The night was unusually dark and the moon was nowhere in sight as the woman opened the door of the mud hut and stepped into the darkness. Except for the chirping of the night birds and insects, there was no other sound to disturb the silence of the night. Her bare feet made no noise as she made her way to the back of the hut and quickly untied her adire wrapper. The wrapper which was reaching just below her knees started from her chest region accentuated her full figure. The wrapper was tied in a knot at the side to hold it firmly in place but it came loose in one tug as she bent down to relieve herself at the back of the hut. She draped the wrapper around herself to cover her nakedness even though she knew it was impossible for anyone to be about at this time of the night.
The people of Alaguntan had a dread for stepping out at night and she had only been forced to come out when she felt as if her bladder was bursting from holding back her urine. She had forgotten to bring in the chamber pot the day before hence her need to relieve herself outside. She quickly retied her wrapper when she was done and entered the hut. The hut had two rooms, one room served as the living room while the other served as a bedroom. The two rooms were separated by a bamboo door. The bedroom was dimly lit by a wick lantern and her eyes were already accustomed to the darkness. For a moment, her eyes rested on the sleeping figure of her son where he lay on his mat on the ground, just adjacent the bed she shared with her husband, Olatunde. She made for the bed where Tunde was snoring as if in competition with the chirpings of the night birds and insects but instinctively something told her to check on the sleeping boy. She went over to where he lay and touched his forehead with the back of her palm to check his temperature. Her heart stopped beating in her chest for a moment. His body was ice cold and her hand quickly moved to his chest. He wasn’t breathing. Her shrill cry rent the air, overshadowing any sound her husband, the birds or insects had been making.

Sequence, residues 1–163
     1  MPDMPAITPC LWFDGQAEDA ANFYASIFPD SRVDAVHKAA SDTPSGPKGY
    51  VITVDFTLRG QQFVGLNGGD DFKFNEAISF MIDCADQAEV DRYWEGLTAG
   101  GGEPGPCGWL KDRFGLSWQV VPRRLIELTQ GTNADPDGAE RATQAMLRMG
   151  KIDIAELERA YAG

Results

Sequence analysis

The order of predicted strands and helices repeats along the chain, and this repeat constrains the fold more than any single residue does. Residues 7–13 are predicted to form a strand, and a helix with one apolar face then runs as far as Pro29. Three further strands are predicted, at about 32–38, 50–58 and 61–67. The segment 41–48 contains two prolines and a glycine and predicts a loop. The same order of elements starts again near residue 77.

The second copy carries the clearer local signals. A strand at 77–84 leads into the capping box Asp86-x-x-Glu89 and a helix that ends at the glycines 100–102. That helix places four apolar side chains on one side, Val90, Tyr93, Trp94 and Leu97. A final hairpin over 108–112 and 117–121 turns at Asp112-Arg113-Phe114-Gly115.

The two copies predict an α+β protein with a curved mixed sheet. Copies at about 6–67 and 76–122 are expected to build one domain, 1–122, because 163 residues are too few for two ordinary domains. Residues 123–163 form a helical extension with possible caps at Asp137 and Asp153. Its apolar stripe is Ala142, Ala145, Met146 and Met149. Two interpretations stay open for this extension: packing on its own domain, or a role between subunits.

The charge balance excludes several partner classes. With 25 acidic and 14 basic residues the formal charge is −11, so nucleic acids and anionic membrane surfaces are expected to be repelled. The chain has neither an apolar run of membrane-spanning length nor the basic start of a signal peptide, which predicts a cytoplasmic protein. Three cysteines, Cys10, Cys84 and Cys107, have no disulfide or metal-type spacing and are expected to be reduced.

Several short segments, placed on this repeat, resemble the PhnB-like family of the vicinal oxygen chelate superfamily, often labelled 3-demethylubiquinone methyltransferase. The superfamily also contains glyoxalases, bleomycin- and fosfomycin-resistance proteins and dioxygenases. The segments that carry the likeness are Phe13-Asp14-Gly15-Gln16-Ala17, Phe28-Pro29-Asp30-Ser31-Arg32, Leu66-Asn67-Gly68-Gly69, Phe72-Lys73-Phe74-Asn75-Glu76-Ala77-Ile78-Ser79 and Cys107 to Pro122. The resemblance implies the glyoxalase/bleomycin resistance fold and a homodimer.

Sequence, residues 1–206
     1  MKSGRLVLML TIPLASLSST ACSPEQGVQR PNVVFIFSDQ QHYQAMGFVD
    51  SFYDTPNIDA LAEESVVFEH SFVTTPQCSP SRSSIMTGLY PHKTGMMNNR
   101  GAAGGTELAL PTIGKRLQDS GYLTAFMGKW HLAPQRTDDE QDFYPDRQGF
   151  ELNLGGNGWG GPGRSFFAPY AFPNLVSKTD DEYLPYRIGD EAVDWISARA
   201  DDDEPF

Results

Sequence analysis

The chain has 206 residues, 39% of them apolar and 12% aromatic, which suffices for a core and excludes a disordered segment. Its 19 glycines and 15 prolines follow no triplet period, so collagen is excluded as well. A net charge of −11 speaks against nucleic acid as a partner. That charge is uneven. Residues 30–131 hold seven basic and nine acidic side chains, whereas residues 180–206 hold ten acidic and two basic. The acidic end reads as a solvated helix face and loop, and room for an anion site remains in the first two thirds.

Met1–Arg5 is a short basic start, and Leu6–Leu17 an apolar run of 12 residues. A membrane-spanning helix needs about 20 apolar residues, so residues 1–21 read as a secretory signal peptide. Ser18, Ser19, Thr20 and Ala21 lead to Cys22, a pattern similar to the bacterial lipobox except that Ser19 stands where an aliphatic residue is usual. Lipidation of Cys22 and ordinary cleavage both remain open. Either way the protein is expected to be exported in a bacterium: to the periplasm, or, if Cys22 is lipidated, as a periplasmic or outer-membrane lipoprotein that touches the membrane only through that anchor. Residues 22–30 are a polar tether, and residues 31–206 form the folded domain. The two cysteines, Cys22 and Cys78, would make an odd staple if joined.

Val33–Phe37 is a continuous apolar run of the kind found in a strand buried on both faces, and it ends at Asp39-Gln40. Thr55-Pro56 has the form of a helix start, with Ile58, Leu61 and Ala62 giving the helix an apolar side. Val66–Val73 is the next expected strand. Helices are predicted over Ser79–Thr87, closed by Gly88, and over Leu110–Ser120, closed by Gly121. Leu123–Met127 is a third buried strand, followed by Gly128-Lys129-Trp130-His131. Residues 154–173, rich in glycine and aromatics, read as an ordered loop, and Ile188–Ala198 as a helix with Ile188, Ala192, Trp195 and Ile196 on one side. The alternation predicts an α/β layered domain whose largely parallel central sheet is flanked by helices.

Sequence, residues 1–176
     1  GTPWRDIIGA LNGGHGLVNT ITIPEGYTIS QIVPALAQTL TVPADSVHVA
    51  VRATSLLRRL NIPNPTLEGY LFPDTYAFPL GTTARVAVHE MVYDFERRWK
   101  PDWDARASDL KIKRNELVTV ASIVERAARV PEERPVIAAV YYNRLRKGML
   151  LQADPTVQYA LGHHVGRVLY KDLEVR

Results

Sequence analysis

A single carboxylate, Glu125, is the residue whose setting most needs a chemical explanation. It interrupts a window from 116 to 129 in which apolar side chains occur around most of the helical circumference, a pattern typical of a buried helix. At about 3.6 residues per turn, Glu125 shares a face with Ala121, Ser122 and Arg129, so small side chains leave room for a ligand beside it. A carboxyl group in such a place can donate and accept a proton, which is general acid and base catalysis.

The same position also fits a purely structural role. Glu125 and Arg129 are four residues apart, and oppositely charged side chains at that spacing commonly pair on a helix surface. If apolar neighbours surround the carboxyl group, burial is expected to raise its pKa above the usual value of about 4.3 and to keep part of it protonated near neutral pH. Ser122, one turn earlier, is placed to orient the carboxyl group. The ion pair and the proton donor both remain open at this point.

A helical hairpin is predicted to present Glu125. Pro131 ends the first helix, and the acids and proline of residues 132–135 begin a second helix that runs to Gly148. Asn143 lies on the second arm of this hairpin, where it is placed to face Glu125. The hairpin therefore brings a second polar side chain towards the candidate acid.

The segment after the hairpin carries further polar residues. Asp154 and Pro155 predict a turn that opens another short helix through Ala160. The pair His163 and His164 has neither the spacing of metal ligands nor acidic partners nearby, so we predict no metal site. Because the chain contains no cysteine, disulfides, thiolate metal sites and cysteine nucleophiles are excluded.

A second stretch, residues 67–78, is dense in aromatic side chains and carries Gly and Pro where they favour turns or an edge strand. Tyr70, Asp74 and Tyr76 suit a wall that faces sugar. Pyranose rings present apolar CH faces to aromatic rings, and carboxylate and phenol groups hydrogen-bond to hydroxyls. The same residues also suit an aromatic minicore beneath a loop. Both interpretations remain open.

“Ropo! Ropo!! Ropo!!! Please don’t do this to me. Please not again.” The fear and trepidation in Adeola’s voice was unmistakeable as she shook the lifeless body in an attempt to wake the dead child. Tunde woke up with a start, Adeola’s voice was loud enough to raise an army of dead men.
“What is it?” He didn’t wait for a reply, his eyes took in the scene and he jumped down from the bed. He took the child from her arms and any remnant of sleep that could have still been fogging his brain vanished. The boy’s cold body was an indication he had been dead for some hours.
“Ropo, why have you chosen to torment me? Has your mother and I not suffered enough?” Tunde’s eyes clouded with tears but he restrained himself from crying. It would be unmanly for him to break down completely in the presence of his wife. Her sobs were enough for the both of them.
“Who have I offended that has refused to forgive me? Who? Haven’t I done all that they asked me to do?” Adeola screamed hysterically. Her grief was palpable. It was the fourth time she was losing a child in ten years. None of the children had ever lived past fifteen months. The native doctor had said she was plagued by the curse of the abiku. That was the only explanation for the constant death of her children.
Things had been good for her and Tunde in the first year of their marriage. She had conceived less than a month after their marriage.
“Did you do all that Baba Ifaojemite told you to do when you gave birth to the child?” Tunde asked. His voice was controlled and the quietness would have fooled anyone of the turmoil he was feeling inside.
Adeola nodded her head in affirmation. “I did oh. I did. My enemies have gotten me again. The fourth child! Why can’t they just kill me? Spirit of my father, are you sleeping in heaven? Haven’t I suffered enough?” With every word, her voice rose in pitch.
“That is enough woman. You would wake the entire village with your wailing. There is nothing we can do than to accept the will of Eledumare. We would consult Baba Ifaojemite tomorrow and have him tell us what the oracle demands of us. I know we will have a child of our own. Stop crying and go to bed, the gods of the land will prevail over the evildoers.”